February 17, 2020 | Data
Why Finding Unused Computers Should Be a Priority
Identifying unused computers on your campus can save you thousands–which you can then use for projects that are currently awaiting funding.
Ok, so maybe you don’t have a vintage computer lying around campus, but to students it may as well be.
There may be old, underused, broken, mislabeled or unplugged computers in labs and classrooms throughout your campus. There’s likely faculty desktop computers that go unused because professors prefer to use laptops. There might be podium computers that staff simply overlook. Some have not been turned on for weeks, others for months.
In over a decade of working with colleges and universities across the country, we’ve estimated that the average annual cost to acquire and maintain a computer is between $800-$1,000. Most schools can eliminate 5-10% of computers without sacrificing service levels–meaning students and staff won’t notice they’re missing. Depending on how many computers you have on campus, that could easily add up to tens of thousands of dollars every year.
For Mount Royal University, eliminating unused computers in four labs saved up to $25,000 per lab every 4 years. The spaces were freed up for additional classes. So not only are students not missing the old labs, but they are also benefiting from more classroom space–which many schools desperately need.
Unused computers drain your IT budget in all sorts of ways. Ongoing maintenance costs, refreshes, upgrades and staff time add up quickly. Identifying unused computers on your campus can save you thousands–which you can then use for projects that are currently awaiting funding.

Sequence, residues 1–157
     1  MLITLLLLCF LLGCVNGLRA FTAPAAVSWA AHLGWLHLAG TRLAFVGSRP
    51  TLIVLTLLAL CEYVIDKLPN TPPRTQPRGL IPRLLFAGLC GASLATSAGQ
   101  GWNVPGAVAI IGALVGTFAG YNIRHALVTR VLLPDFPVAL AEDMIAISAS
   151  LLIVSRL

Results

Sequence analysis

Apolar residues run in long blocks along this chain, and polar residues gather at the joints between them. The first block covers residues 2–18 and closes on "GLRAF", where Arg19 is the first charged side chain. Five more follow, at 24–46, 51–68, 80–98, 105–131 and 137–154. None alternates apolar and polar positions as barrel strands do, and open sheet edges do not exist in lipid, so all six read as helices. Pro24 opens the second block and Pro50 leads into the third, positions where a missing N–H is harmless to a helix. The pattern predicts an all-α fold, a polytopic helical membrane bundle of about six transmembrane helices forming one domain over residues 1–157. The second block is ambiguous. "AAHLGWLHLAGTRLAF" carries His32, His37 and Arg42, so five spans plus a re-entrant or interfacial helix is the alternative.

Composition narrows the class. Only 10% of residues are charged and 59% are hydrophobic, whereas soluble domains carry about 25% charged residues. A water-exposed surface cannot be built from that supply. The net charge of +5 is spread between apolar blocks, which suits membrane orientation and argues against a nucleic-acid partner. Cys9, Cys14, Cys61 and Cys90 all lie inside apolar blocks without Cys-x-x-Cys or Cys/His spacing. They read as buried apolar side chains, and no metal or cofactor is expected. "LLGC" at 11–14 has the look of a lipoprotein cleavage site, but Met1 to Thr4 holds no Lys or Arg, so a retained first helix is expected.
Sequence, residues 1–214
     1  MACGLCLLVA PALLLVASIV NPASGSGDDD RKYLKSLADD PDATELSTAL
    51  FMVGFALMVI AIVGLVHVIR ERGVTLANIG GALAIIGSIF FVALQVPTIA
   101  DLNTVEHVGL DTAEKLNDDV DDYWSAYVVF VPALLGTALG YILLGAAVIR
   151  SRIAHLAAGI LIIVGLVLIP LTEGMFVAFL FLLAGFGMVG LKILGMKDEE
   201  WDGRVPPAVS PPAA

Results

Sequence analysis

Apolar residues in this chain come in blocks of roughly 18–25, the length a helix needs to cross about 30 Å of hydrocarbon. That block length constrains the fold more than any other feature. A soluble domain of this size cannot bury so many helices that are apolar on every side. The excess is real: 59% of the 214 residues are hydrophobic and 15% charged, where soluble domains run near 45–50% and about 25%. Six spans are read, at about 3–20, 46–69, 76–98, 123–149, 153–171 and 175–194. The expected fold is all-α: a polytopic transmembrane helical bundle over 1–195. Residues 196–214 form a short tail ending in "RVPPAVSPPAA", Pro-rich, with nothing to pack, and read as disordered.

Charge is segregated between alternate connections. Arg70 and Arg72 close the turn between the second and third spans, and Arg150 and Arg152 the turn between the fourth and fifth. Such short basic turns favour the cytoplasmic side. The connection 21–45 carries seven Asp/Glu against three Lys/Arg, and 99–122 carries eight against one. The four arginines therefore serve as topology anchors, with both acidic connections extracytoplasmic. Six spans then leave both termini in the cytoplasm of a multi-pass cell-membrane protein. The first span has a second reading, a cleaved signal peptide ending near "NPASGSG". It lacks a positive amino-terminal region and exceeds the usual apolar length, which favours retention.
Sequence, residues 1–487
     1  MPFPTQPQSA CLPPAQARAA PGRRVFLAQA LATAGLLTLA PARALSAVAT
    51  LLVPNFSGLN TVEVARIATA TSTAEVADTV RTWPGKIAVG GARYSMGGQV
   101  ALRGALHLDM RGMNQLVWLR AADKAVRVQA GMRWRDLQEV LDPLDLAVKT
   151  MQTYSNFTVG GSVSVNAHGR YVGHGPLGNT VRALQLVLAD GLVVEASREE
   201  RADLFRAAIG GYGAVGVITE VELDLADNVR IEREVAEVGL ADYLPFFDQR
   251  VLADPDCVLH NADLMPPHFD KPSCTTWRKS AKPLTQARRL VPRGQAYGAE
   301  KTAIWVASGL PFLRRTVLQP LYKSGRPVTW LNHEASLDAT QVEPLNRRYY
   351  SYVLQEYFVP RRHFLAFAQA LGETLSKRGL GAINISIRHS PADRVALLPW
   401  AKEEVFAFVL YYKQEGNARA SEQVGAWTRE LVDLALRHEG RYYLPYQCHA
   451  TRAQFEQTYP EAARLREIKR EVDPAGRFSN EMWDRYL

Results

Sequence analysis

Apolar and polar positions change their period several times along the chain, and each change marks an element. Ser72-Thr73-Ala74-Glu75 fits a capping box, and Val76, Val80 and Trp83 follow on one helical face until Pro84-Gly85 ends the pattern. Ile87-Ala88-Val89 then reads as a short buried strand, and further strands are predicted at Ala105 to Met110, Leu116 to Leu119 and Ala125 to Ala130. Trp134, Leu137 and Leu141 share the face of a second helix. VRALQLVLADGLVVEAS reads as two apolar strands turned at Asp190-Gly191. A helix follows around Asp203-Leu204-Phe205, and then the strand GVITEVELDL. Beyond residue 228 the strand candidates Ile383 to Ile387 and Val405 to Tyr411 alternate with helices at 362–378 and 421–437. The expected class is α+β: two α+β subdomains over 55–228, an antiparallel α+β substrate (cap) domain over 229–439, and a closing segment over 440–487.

To identify unused and zero-usage computers, you need to look at usage data.
Least Used vs. Zero-Usage
LabStats tracks when you power on a computer, log in, and launch an application. That data is funneled into reports so you can see the most and least used computers.
The least used computers are those that have been logged into at least once in your chosen timeframe. These computers might be near a lab assistant’s desk or a door, which makes it a little less desirable to students. They might be functional, but a little slow to load, a smaller monitor or have an uncomfortable chair at the station.
Zero-usage computers have zero logins in your chosen timeframe. Students may not know where a computer or a whole lab is located (a discoverability issue). We see this happening a lot with basement labs or computers in rooms without windows. A single zero-use computer located in a lab that is otherwise being used may have a broken component like a monitor, keyboard or mouse.
Finding Zero-Usage Computers
Zero-usage is not the computer with the least logins, but the one with zero logins. If a computer has zero logins, it could mean that it requires maintenance, that students can’t find it, or that students don’t want to use it. Knowing why a computer isn’t being used can save thousands of dollars and is often an important step in improving the student experience in your labs.
Once you’ve identified the least used and zero-usage computers, you can start to right-size your labs and put resources where students need them most.
Eliminate vs. Reallocate
If a computer is unused, you can either move it to a location where it will get used (reallocation) or simply get rid of it (elimination). We’ve worked with hundreds of campuses, and according to our data, most schools can safely eliminate 5-10% of computers without sacrificing service levels. However, before you eliminate a computer, consider reallocating it. If you have high-traffic areas where students are waiting for computers, see if you can move computers from low-use labs to better meet student demand.
In the end, it’s all about right-sizing your labs so that students are able to access the resources they need, and you’re not paying for hardware that’s not getting used.
So if seeking out those least used and zero-usage computers on campus hasn’t been your priority, there’s no better time to start than now.
Need help getting started with finding your least used and zero-use computers? Contact Support or your Account Manager.